Mike Pence tells Venezuela’s U.N. ambassador: ‘You shouldn’t be here’

Vice President Mike Pence urged the dithering United Nations to “reject the failed leadership of Nicolas Maduro” and recognize Venezuela’s interim president Juan Guaido during a Wednesday address to the U.N. Security Council.

Stopping to directly address Maduro’s ambassador, who was sitting across the table, Pence told him, “With all due respect, Mr. Ambassador, you shouldn’t be here.”

“You should return to Venezuela and tell Nicolas Maduro that his time is up. It’s time for him to go,” Pence added, as the Venezuelan ambassador shook his head in defiant disbelief.

Watch below:

Time’s up for Maduro

“The struggle in Venezuela is a struggle between dictatorship and democracy. Nicolas Maduro is a dictator with no legitimate claim to power, and Nicolas Maduro must go,” Pence said.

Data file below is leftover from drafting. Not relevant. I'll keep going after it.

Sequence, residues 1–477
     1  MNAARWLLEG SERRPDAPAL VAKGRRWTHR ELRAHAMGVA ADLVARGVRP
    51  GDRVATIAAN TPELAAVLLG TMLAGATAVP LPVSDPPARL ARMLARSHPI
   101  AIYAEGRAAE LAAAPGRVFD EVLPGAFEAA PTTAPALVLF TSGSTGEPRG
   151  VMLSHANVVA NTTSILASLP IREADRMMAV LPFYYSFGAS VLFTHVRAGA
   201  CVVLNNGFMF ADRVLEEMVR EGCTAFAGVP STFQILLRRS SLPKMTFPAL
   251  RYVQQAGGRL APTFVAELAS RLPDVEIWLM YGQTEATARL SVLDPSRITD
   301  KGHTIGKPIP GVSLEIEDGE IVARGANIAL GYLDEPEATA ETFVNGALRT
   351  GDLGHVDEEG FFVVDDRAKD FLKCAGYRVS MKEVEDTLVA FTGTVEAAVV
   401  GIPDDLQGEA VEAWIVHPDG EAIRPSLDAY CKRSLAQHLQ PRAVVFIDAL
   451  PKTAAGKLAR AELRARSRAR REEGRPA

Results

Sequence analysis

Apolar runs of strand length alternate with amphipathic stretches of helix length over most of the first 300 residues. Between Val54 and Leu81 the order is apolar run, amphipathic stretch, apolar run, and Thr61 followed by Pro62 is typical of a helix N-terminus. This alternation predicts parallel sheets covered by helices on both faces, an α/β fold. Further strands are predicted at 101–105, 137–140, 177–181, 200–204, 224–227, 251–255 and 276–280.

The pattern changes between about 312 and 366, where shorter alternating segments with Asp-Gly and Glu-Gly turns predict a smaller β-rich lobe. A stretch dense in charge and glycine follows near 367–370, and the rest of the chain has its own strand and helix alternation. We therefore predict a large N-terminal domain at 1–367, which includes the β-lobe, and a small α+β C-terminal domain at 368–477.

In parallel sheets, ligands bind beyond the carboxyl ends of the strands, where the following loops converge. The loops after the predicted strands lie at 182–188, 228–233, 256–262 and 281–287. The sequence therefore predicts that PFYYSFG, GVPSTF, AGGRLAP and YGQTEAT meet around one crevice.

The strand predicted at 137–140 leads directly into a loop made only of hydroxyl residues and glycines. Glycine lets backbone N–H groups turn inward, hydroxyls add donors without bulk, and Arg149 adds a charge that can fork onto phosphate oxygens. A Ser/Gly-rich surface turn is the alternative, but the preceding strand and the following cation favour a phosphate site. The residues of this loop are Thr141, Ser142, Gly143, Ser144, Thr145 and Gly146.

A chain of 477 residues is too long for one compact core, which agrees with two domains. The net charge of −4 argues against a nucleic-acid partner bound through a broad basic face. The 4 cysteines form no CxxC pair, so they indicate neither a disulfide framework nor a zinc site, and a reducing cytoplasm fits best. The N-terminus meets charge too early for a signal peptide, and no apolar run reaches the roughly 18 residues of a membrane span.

The U.S., followed by dozens of other countries, recognized Juan Guaido as interim president of Venezuela in January.

Pence detailed some of the aid the U.S. government was providing to the starving and oppressed Venezuelan people, and chastised Russia and China for standing in the way of the U.N. taking any sort of action to address the utter despair of the failed nation’s people.

“Up to this point, while other international bodies have acted, the United Nations and this Security Council have refused to act,” Pence said.

“But now that nations across this hemisphere have spoken, the time has come for the United Nations to recognize interim President Juan Guaido as the legitimate president of Venezuela and seat his representative in this body,” he continued.

Recognize Guaido

“This body should revoke the credentials of Venezuela’s representative to the United Nations, recognize interim President Juan Guaido, and seat the representative of the free Venezuelan government in this body without delay,” Pence said.

The vice president is a no-nonsense kind of guy, and his speech made it perfectly clear that there is no legitimate path forward for the Maduro regime in Venezuela.

Whether Maduro — or the reluctant U.N. — will listen is another matter entirely.

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